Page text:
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    We in the petroleum market are persuaded that by the time an useful electrical vehicle can be mass-produced and marketed, it will not delight in any significant benefit from an air contamination perspective. Emissions from internal-combustion engines will have long given that been managed.

    Dunlop went on to explain development in managing carbon monoxide gas, laughing gas, and hydrocarbon emissions from vehicles. Missing from his list? The toxin he had actually been cautioned of years prior to: co2.

    We may assume that the odor-free gas just passed under Robert Dunlop’s nose undetected. Less than a year later on, the American Petroleum Institute silently got a report on air contamination it had actually commissioned from the Stanford Research Institute, and its caution on carbon dioxide was direct:

    Significant temperature level modifications are practically specific to take place by the year 2000, and these might bring about weather modifications. […] there appears to be no doubt that the prospective damage to our environment might be serious. […] toxins which we typically disregard due to the fact that they have little regional result, CO2 and submicron particles, might be the reason for major global ecological modifications.

    Thus, by 1968, American oil kept in its hands yet another notification of its items’ world-altering adverse effects, one verifying that international warming was not simply trigger for research study and issue, however a truth requiring restorative action: “Past and present research studies of CO2 are detailed,” the Stanford Research Institute encouraged. “What is doing not have, nevertheless, is […] pursue systems where CO2 emissions would be brought under control.”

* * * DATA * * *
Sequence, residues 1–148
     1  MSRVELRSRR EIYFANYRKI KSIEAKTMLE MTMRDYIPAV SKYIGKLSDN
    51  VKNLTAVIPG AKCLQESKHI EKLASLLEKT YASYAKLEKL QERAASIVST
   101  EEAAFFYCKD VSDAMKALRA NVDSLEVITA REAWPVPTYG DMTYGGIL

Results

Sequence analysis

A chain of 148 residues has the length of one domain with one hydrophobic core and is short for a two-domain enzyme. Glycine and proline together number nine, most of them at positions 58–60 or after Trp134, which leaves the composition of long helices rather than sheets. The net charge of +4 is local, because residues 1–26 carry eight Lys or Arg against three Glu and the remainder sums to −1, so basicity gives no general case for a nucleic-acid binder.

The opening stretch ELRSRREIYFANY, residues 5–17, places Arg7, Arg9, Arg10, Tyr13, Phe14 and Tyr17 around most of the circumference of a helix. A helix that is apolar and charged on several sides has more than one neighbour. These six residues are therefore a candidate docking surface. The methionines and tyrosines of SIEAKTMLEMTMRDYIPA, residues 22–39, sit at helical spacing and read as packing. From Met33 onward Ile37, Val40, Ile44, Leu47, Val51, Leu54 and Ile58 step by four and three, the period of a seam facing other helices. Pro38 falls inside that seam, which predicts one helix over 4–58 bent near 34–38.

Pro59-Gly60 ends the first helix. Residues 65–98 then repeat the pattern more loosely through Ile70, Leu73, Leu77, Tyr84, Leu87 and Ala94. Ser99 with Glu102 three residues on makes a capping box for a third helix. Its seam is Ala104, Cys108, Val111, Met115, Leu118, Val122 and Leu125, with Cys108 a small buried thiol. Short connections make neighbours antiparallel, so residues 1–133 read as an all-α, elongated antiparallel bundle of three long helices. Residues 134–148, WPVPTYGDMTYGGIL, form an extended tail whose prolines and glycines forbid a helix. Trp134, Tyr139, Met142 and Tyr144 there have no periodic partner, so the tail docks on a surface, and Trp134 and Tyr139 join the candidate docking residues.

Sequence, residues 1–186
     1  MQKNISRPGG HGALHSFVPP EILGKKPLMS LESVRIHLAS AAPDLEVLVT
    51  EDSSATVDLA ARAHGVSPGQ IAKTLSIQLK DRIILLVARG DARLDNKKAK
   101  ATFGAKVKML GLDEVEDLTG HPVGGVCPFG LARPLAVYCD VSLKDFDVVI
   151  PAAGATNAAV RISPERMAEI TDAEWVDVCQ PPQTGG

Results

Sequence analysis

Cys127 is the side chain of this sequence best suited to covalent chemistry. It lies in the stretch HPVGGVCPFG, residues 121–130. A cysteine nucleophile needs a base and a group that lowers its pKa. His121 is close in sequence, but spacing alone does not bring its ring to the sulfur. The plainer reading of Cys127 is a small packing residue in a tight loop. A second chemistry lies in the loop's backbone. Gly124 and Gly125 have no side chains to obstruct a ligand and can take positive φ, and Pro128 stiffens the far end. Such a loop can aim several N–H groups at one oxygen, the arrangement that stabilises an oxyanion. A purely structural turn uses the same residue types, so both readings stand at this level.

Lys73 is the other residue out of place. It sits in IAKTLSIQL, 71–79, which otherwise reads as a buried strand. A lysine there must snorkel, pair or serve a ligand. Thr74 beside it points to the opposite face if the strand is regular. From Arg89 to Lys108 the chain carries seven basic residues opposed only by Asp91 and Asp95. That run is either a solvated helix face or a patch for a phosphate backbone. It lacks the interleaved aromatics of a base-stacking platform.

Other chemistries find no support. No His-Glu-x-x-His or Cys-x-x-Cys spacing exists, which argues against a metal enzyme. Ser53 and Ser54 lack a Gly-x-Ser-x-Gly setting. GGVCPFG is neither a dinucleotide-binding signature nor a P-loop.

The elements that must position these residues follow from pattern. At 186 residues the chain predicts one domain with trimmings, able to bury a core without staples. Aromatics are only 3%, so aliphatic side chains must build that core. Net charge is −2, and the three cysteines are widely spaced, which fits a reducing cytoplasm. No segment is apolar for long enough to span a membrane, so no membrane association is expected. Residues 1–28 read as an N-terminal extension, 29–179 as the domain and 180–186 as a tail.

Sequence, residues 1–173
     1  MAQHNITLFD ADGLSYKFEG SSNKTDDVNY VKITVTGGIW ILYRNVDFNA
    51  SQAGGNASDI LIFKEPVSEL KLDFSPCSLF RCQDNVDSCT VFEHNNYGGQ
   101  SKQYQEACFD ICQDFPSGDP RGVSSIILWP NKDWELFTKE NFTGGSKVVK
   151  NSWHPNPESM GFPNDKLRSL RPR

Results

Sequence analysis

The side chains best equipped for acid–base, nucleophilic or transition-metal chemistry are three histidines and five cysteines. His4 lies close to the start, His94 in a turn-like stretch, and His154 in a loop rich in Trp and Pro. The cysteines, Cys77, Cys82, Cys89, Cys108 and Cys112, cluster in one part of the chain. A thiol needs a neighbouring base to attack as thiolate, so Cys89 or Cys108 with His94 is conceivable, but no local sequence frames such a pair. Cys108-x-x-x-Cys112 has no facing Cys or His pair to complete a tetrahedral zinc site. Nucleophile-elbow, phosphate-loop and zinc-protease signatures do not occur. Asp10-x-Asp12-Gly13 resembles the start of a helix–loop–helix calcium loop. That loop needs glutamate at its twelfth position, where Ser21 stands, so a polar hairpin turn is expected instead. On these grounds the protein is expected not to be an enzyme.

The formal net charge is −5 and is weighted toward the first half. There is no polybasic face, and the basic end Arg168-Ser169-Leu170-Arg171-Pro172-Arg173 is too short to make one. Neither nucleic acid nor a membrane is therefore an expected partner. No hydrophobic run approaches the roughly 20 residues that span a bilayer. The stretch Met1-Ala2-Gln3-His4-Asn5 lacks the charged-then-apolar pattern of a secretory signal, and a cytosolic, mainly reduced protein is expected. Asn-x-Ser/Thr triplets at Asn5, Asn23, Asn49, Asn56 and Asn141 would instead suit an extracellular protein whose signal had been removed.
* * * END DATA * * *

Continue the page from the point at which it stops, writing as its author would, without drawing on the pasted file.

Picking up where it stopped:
This early history brightens the American petroleum market’s long-running awareness of the planetary warming triggered by its items. Teller’s caution, exposed in paperwork I discovered while browsing archives, is another brick in a growing wall of proof.

    In the closing days of those positive 1950s, Robert Dunlop might have been among the very first oilmen to be alerted of the disaster now looming prior to us. By the time he left this world in 1995 , the American Petroleum Institute he as soon as led was rejecting the environment science it had actually been notified of years previously, assaulting the Intergovernmental Panel on Climate Change, and combating environment policies any place they developed.

    This is a history of options made, courses not taken, and the fall from grace of among the best business– oil, the “prime mover”– ever to tread the earth. Whether it’s likewise a history of redemption, nevertheless partial, stays to be seen.

    American oil’s awareness of international warming– and its conspiracy of silence, blockage, and deceit– goes even more than any one business. It extends beyond (though consists of ) ExxonMobil. The market is linked to its core by the history of its biggest agent, the American Petroleum Institute.

    It is now far too late to stop a good deal of modification to our world’s environment and its worldwide payload of damage, illness, and death. We can battle to stop environment modification as rapidly as possible, and we can discover the history of how we got here. There are lessons to be discovered, and there is justice to be served.

    Benjamin Franta (@BenFranta) is a PhD trainee in history of science at Stanford University who studies the history of environment modification science and politics. He has a PhD in used physics from Harvard University and is a previous research study fellow at the Belfer Center for Science and International Affairs at the Harvard Kennedy School of Government.